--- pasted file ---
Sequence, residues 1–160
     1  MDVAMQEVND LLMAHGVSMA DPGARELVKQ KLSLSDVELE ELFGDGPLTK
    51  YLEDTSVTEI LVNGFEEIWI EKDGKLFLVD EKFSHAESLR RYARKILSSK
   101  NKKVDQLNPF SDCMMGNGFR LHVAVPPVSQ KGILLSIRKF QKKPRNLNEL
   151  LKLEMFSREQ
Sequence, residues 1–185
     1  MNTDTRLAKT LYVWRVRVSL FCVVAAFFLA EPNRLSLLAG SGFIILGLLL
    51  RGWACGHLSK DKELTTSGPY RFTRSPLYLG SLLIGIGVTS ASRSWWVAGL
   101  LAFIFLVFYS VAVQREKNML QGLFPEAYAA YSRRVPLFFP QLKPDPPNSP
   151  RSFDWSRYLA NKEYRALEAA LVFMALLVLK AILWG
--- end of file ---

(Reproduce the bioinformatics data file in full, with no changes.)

Sequence, residues 1–160
     1  MDVAMQEVND LLMAHGVSMA DPGARELVKQ KLSLSDVELE ELFGDGPLTK
    51  YLEDTSVTEI LVNGFEEIWI EKDGKLFLVD EKFSHAESLR RYARKILSSK
   101  NKKVDQLNPF SDCMMGNGFR LHVAVPPVSQ KGILLSIRKF QKKPRNLNEL
   151  LKLEMFSREQ
Sequence, residues 1–185
     1  MNTDTRLAKT LYVWRVRVSL FCVVAAFFLA EPNRLSLLAG SGFIILGLLL
    51  RGWACGHLSK DKELTTSGPY RFTRSPLYLG SLLIGIGVTS ASRSWWVAGL
   101  LAFIFLVFYS VAVQREKNML QGLFPEAYAA YSRRVPLFFP QLKPDPPNSP
   151  RSFDWSRYLA NKEYRALEAA LVFMALLVLK AILWG